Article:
Borland's choice gets players talking

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Tuesday, March 17, 2015

Chris Borland's decision to retire after one season in the NFL because of concerns about the long-term effects of repetitive head trauma unleashed a flood of reaction from fellow NFL players and others on social media, many echoing what Denver Broncos linebackerBrandon Marshallwondered:

Borland became the most prominent NFL player to retire from football because of concerns over brain injuries. He is the third NFL player to retire despite being age 27 or younger this week, joining Jake Locker of the Tennessee Titans and Jason Worilds of the Pittsburgh Steelers.

St. Louis Rams defensive end Chris Long tweeted in support of Borland.

Borland told "Outside The Lines" that he had been thinking about leaving football as the 2014 season went along, and wrote a letter to his parents late in the year. After the season, he consulted with prominent concussion researchers and former players to affirm his decision.

"I've thought about what I could accomplish in football, but for me, personally, when you read about Mike Webster and Dave Duerson and Ray Easterling, you read all these stories, and to be the type of player I want to be in football, I think I'd have to take on some risks that, as a person, I don't want to take on."

Borland was referring to former NFL greats who were diagnosed with the devastating brain disease chronic traumatic encephalopathy, or CTE, after their deaths. Duerson and Easterling committed suicide.

Borland said he began to have misgivings during training camp. He said he suffered what he believed to be a concussion stuffing a running play but played through it, in part because he was trying to make the team.

"I just thought to myself, 'What am I doing? Is this how I'm going to live my adult life, banging my head, especially with what I've learned and know about the dangers?'"

Former Ohio State running back Maurice Clarett, now a motivational speaker, wrote a series of tweets, starting with:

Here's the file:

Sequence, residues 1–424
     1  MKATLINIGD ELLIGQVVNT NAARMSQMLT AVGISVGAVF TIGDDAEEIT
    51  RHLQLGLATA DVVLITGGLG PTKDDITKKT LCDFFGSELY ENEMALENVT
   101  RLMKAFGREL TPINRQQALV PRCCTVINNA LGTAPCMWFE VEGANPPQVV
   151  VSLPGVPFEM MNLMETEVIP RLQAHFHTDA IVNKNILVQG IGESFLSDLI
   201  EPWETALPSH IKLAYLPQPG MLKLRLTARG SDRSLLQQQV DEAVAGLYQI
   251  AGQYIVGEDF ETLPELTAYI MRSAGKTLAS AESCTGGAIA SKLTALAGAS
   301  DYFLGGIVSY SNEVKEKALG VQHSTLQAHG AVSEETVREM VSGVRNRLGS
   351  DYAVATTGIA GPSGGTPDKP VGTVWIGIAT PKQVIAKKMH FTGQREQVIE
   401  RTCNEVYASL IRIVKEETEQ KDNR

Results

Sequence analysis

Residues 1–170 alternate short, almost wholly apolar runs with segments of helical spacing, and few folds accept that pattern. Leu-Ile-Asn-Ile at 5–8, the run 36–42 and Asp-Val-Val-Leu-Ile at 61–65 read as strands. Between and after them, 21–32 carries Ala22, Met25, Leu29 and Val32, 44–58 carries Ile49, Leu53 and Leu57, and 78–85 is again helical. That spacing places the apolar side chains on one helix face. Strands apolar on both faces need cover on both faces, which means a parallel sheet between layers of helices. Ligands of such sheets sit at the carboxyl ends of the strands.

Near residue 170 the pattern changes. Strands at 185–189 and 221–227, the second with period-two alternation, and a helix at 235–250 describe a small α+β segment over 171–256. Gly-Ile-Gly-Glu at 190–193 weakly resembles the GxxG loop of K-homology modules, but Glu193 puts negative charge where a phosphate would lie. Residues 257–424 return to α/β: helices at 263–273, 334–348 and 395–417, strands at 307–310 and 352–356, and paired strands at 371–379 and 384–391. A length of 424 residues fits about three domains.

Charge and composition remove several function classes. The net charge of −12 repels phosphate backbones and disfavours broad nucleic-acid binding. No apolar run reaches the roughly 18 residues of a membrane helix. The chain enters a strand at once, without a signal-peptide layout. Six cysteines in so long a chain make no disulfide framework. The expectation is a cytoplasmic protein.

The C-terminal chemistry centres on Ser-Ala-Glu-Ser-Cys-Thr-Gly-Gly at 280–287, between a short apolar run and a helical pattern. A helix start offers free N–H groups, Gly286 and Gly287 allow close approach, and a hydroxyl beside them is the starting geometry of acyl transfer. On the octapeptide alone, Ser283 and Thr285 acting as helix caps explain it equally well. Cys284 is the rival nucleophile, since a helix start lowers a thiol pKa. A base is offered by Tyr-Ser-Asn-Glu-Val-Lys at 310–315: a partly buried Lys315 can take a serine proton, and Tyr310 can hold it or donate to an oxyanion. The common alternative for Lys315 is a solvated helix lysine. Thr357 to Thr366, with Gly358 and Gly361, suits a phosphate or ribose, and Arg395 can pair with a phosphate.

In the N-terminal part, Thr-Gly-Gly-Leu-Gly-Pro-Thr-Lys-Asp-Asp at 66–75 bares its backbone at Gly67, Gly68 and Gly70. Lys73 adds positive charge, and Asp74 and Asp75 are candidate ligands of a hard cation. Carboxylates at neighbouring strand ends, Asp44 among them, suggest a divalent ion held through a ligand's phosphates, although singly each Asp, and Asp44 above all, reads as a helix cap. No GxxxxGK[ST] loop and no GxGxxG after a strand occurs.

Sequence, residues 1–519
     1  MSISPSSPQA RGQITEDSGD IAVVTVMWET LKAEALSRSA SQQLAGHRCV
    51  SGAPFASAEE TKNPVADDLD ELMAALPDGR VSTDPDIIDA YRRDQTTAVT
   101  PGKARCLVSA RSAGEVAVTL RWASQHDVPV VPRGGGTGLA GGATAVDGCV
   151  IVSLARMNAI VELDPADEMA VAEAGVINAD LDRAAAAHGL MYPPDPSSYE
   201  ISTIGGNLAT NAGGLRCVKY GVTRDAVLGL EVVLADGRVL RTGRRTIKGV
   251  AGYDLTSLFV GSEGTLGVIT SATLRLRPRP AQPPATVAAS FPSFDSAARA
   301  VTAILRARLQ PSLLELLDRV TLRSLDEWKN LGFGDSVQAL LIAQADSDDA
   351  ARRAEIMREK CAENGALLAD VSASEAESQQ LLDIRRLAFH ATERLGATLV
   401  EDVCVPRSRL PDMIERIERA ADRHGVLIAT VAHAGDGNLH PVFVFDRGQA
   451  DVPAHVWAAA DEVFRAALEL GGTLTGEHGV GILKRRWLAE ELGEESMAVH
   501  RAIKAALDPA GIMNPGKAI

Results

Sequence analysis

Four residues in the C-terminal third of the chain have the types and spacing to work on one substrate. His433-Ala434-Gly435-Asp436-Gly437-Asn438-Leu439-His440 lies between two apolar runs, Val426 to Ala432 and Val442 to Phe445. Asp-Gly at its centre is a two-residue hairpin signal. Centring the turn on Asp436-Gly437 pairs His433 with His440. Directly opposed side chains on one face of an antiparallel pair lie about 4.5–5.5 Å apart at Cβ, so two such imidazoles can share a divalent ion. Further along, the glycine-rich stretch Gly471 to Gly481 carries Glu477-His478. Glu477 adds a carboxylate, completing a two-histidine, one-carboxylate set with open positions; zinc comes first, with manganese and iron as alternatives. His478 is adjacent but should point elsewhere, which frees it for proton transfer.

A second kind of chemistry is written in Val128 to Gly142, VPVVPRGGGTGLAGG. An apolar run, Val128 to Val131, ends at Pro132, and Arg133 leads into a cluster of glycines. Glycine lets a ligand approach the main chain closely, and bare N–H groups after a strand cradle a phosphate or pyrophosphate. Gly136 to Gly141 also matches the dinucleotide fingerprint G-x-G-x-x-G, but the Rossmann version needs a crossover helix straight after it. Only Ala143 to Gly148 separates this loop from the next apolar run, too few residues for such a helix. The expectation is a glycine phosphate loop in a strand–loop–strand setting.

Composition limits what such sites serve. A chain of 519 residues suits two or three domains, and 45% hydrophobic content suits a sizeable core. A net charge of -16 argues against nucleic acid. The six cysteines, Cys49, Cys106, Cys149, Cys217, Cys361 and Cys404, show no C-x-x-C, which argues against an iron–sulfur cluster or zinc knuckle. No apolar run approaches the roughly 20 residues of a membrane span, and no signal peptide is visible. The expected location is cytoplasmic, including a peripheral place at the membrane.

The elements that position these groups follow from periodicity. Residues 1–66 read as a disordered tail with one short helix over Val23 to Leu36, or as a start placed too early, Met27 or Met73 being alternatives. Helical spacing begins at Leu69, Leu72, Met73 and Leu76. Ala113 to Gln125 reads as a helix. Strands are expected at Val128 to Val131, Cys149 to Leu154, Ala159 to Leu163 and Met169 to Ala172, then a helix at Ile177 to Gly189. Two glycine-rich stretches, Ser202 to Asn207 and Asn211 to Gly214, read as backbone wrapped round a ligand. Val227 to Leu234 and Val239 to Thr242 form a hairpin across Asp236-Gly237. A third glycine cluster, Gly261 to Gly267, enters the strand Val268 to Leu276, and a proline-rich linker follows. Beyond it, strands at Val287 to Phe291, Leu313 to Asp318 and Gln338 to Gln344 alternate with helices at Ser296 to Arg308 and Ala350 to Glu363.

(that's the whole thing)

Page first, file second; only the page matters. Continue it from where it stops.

And continuing:

Former NFL player Damien Woody, now an ESPN analyst, said on Twitter:

Borland played in college at Wisconsin for two seasons with John Moffitt, who retired in November 2013 in the middle of the season with the Denver Broncos. At the time, he said he'd lost the love for the game and was tired of risking his health for a paycheck.

"I've saved enough. It's not like I'm sitting here and I'm a millionaire," Moffitt said at the time. "That's what I kind of realized. I'm sitting here and I got to this point and I was like, what is the number that you need? How much do you really need? What do you want in life? And I decided that I don't really need to be a millionaire.

"I just want to be happy. And I find that people that have the least in life are sometimes the happiest. And I don't have the least in life. I have enough in life. And I won't sacrifice my health for that."

Green Bay Packers director of player personnel Eliot Wolf, in a tweet, said that Borland's decision hasn't changed the number of players he sees wanting to play in the NFL.

Wisconsin athletic director Barry Alvarez released a statement Tuesday to offer support for Borland's decision.

"Chris Borland is one of the most impressive young men I've come across in my many years involved in college athletics," Alvarez said. "His exploits on the field are well known as he is one of the best linebackers in school history and one of the best I've seen up close. Off the field, he earned his degree from Wisconsin and devoted countless hours to community service. He represents all that we want our Wisconsin student-athletes to be.

"Knowing Chris, his decision to retire at this time was well thought out and made after much consultation with people he trusts. He obviously feels that this is the best decision for him, personally. He will always be a part of the Badger family and we wish him the best in whatever his future may hold."

Wesley Walker, 59, who played 13 years with the Jets, said he's had surgeries on his neck, back, shoulders, knees and Achilles that he attributed to his football career. He said that he suffers from spinal stenosis and nerve damage, that he feels pain in his arms and fingers, and that he's had 14 screws and a plate inserted into his neck and 10 screws and two rods inserted into his back.

"I admire [Borland] for what he did. I admire him for being man enough and smart enough to know what's more important in life," Walker told's Ian O'Connor. "If I had to do it over again, and I knew I'd end up in the amount of pain I'm always in, there's no way in hell I'd play football again. With all of my injuries, including my neck, I took a chance of breaking my neck and ending up in a wheelchair. I look back and ask, 'What was I thinking?' "

"Every individual has to make his own decision, and there's so much money to be made these days. But is money more important, or is your life more important? I could never see myself hurting myself, but there have been times when I've thought, 'God, I wish you'd just end this right now.' I don't sleep, I'm in constant pain, I haven't felt my feet in 20 years. I feel like there are times when my whole body shuts down. Sometimes I feel like I'm 90 years old.

"[Commissioner]Roger Goodell is a good friend of mine. But I want the NFL to tell truth about what's happening with players, and I think they sugarcoat everything."

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